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Historical Black cemetery in Madisonville is getting money for much-needed repairs

A headstone at United American Cemetery in Madisonville.
Nick Swartsell
A headstone at United American Cemetery in Madisonville.

United American Cemetery — one of Ohio's oldest Black cemeteries — is getting $750,000 from the National Park Service to make improvements to the historical cemetery and grounds in Madisonville. The funding comes from the Historic Preservation Fund's History of Equal Rights grant program.

The funding will go toward structural repairs to burial vaults, monument cleaning and repair, and accessibility and security improvements, according to a release.

The cemetery, which is maintained by Union Baptist Church, was founded in 1883. As WVXU previously reported, it includes graves moved from an earlier Black cemetery in Avondale, dating to 1844.

RELATED: Sewage-contaminated water is seeping into an African American cemetery. Who is responsible remains a mystery

"It took more than one year to transfer the tombstones, coffins, and remains, but damage to coffins and tombstone misplacements were common," states the NPS. "Moreover, a lack of security during the long removal and reburial process left both locations vulnerable to vandalism, looting, and destruction by outside parties."

The cemetery had been closed to the public since 2021 when, in July 2022, WVXU reported human sewage had been seeping up from the ground in the cemetery. The church had also sued Fifth Third Bank, which built a corporate complex just up the hill from the cemetery, for stormwater runoff damage.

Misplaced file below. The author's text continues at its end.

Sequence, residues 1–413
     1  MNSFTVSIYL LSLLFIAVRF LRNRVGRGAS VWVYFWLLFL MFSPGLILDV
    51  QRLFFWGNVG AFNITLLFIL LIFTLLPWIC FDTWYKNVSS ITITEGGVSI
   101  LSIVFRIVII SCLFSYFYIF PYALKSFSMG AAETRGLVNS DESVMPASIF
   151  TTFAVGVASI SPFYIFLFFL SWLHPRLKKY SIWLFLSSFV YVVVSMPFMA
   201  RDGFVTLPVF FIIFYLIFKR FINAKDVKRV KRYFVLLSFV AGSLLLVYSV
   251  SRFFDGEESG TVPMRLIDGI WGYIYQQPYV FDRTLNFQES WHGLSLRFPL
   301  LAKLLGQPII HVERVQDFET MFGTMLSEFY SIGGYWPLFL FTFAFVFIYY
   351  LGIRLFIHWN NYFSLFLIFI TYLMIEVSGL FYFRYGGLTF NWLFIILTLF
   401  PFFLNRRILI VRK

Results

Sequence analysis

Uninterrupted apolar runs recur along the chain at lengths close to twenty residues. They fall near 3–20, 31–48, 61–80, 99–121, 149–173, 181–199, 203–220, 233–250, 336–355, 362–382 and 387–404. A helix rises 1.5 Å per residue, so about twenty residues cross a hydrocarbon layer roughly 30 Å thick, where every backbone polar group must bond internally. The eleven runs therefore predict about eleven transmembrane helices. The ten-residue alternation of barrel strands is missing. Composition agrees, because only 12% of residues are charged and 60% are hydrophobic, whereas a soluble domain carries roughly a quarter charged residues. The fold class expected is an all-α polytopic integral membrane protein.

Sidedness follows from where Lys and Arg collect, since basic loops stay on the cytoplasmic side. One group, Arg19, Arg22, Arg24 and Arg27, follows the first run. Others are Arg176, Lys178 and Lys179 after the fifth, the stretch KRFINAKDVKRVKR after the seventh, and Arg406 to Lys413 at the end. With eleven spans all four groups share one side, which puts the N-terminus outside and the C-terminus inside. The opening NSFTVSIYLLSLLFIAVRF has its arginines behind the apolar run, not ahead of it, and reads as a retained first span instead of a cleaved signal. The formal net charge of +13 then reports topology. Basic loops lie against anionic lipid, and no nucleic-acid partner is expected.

RELATED: Federal act inspired by Cincinnati cemetery means funding for Black burial grounds across the nation

The NPS funding is separate from the African American Burial Grounds Preservation Act inspired by Cincinnati's Union Baptist Cemetery in Price Hill.

The act was included in the fiscal year 2023 omnibus spending plan passed by Congress in late December and signed by President Joe Biden on Dec. 29, 2022. It established a program within the National Park Service "to provide grant opportunities and technical assistance to local partners to research, identify, survey and preserve these cemeteries," according to bill sponsor Ohio Sen. Sherrod Brown. His office said the bill authorizes that $3 million can be appropriated per year for preservation efforts.

The act was inspired after vandals overturned monuments and splashed graffiti throughout Union Baptist Cemetery in 2019. Brown visited the cemetery several months later to announce the first iteration of the act.

This story may be updated.

Senior Editor and reporter at WVXU with more than 20 years experience in public radio; formerly news and public affairs producer with WMUB. Would really like to meet your dog.